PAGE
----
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Tune o’ the Day

According to rock musician Mark Knopfler, he wrote the 1985 hit song “Money for Nothing” after hearing a delivery man in an appliance store make comments about the musicians on MTV.

Knopfler said it happened in a store in New York. On a back wall, several TV sets were tuned to MTV. While watching the bands perform, a male employee wearing a baseball cap used the terms “money for nothing,” “that ain’t working,” and “what are those, Hawaiian noises?”

Knopfler has been criticized for including the term “faggot” in the lyrics. In 2011, the tune was even banned in Canada for being offensive — which created howls of protest about banning songs. Knopfler maintains it’s a term the song’s character would use.

Bonus fact: Knopfler shares the songwriting credit with Sting, who wrote and sings the “I want my MTV” lines.

Dire Straits-1

Money For Nothing

By Dire Straits, 1985
Written by Mark Knopfler and Sting

I want my MTV.
I want my… I want my MTV.
I want my… I want my MTV.
I want my MTV.

Now, look at them yo-yos. That’s the way you do it.
You play the guitar on the MTV.
That ain’t workin’. That’s the way you do it.
Money for nothin’ and your chicks for free.

Now, that ain’t workin’. That’s the way you do it.
Lemme tell ya, them guys ain’t dumb.
Maybe get a blister on your little finger.
Maybe get a blister on your thumb.

We got to install microwave ovens.
Custom kitchen deliveries.
We got to move these refrigerators.
We got to move these color TVs.

The little faggot with the earring and the make-up —
Yeah, buddy, that’s his own hair.
That little faggot got his own jet airplane.
That little faggot, he’s a millionaire.

We got to install microwave ovens.
Custom kitchen deliveries.
We got to move these refrigerators.
We got to move these color TVs.

Got to install microwave ovens.
Custom kitchens deliveries.
We’ve got to move these refrigerators.
Got to move these color TVs.

I shoulda learned to play the guitar.
I shoulda learned to play them drums.
Look at that mama. She got it stickin’ in the camera, man.
We could have some fun.

And he’s up there — what’s that? Hawaiian noises?
Bangin’ on the bongos like a chimpanzee.
Oh, that ain’t workin’. That’s the way you do it.
Get your money for nothin’, get your chicks for free.

We got to install microwave ovens.
Custom kitchen deliveries.
We got to move these refrigerators.
We got to move these color TVs.

Listen here…

Now, that ain’t workin’. That’s the way you do it.
You play the guitar on the MTV.
That ain’t workin’. That’s the way you do it.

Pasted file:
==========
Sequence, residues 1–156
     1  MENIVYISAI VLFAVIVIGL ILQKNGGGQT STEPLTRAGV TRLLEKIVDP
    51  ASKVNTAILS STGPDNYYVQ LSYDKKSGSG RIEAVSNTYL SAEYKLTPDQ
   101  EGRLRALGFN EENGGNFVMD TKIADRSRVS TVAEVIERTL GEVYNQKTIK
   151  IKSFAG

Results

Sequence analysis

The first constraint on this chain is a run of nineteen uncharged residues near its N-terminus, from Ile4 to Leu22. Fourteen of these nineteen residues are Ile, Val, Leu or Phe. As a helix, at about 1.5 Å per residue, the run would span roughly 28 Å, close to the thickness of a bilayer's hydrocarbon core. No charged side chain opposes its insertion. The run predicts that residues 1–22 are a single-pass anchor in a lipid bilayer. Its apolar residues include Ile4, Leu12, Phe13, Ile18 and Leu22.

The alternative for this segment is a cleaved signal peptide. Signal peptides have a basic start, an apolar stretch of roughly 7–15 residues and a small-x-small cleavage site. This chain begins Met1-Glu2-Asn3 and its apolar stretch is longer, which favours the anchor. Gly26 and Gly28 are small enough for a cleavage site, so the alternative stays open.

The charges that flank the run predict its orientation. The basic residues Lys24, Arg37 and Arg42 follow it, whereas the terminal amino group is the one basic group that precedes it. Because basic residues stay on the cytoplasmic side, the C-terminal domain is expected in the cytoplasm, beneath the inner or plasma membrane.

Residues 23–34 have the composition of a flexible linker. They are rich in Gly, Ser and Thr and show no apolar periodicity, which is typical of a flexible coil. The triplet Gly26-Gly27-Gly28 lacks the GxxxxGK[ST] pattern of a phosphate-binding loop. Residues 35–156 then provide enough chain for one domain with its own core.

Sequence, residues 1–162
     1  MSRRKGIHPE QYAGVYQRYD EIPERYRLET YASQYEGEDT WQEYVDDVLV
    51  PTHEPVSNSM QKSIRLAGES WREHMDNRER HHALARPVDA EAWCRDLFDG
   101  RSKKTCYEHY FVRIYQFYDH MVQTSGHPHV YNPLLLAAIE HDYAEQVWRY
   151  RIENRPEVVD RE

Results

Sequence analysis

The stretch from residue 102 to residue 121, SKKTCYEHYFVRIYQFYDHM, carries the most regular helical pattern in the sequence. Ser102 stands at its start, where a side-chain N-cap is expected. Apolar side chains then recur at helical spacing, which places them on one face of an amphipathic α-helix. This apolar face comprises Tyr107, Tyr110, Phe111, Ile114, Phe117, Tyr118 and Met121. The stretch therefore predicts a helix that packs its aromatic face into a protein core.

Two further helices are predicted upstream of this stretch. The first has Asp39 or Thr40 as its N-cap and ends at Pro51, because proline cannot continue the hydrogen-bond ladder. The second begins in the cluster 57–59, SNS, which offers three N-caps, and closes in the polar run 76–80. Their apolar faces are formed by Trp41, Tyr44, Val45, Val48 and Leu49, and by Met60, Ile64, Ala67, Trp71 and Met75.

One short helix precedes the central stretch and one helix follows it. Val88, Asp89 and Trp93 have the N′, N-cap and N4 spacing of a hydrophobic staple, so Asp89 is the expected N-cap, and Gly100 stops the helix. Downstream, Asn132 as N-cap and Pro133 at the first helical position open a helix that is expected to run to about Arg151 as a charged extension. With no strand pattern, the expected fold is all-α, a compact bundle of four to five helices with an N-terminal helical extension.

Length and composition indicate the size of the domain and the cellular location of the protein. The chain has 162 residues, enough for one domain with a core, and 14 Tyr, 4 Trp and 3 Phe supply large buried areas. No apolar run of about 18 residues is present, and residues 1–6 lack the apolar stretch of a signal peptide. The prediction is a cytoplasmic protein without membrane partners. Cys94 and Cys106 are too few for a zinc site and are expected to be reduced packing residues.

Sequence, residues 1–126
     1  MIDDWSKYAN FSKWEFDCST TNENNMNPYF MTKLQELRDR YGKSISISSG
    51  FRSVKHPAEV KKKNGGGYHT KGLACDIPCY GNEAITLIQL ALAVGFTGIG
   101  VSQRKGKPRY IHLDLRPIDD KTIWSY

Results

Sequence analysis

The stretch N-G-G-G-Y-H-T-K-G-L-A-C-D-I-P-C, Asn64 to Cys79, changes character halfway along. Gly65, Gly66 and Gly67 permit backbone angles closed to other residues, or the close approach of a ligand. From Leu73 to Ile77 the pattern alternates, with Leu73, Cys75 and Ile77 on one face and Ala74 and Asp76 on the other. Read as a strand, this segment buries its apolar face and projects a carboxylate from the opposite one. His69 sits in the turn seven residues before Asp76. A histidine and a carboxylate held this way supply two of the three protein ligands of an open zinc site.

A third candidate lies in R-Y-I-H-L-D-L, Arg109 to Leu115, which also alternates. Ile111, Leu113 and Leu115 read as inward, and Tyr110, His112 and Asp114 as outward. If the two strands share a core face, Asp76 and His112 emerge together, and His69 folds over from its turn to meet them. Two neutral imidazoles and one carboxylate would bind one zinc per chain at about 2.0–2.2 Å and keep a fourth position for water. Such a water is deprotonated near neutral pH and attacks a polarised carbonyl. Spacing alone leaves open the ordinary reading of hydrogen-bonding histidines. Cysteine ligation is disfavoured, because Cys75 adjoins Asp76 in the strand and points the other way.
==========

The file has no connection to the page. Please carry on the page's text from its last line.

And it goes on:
Money for nothin’ and your chicks for free.

Money for nothin’. Chicks for free.
Get your money for nothin’ and your chicks for free.
Money for nothin’. Chicks for free.
Get your money for nothin’. Chicks for free.

Money for nothin’. Chicks for free.
Get your money for nothin’ and your chicks for free.
Your money for nothin’, the chicks for free.
Get you money for nothin’ and the chicks for free.

Look at that, look at that.

I want my… I want my… I want my MTV.

Get you money for nothin’ and the chicks for free.
Money for nothin’, chicks for free.
Get your money for nothin’ and the chicks for free.
Get your money for nothin’ and the chicks for free.

Easy, easy money for nothin’. Easy, easy chicks for free.
Easy, easy money for nothin’. Chicks for free.

That ain’t workin’.

Dire Straits-2

Dire Straits-3

 

Robert A. Heinlein (1907-1988), the “dean of science fiction writers,” was a stickler for scientific accuracy in his fiction. No surprise for a graduate of the U.S. Naval Academy and an engineer. Science was in his genes.

In 1952, Heinlein published a story in Galaxy Magazine in which he predicted where science, technology, and society would be in the year 2000.

Most of the predictions were misfires, not that you or I would have done better. But Heinlein was gutsy enough to go on record.

Here is what he wrote.

———

So let’s have a few free-swinging predictions about the future. Some will be wrong but cautious predictions are sure to be wrong.

1. Interplanetary travel is waiting at your front door — C.O.D. It’s yours when you pay for it.

2. Contraception and control of disease is revising relations between the sexes to an extent that will change our entire social and economic structure.

3. The most important military fact of this century is that there is no way to repel an attack from outer space.

4. It is utterly impossible that the United States will start a “preventive war.” We will fight when attacked, either directly or in a territory we have guaranteed to defend.

5. In fifteen years the housing shortage will be solved by a “breakthrough” into new technologies which will make every house now standing as obsolete as privies.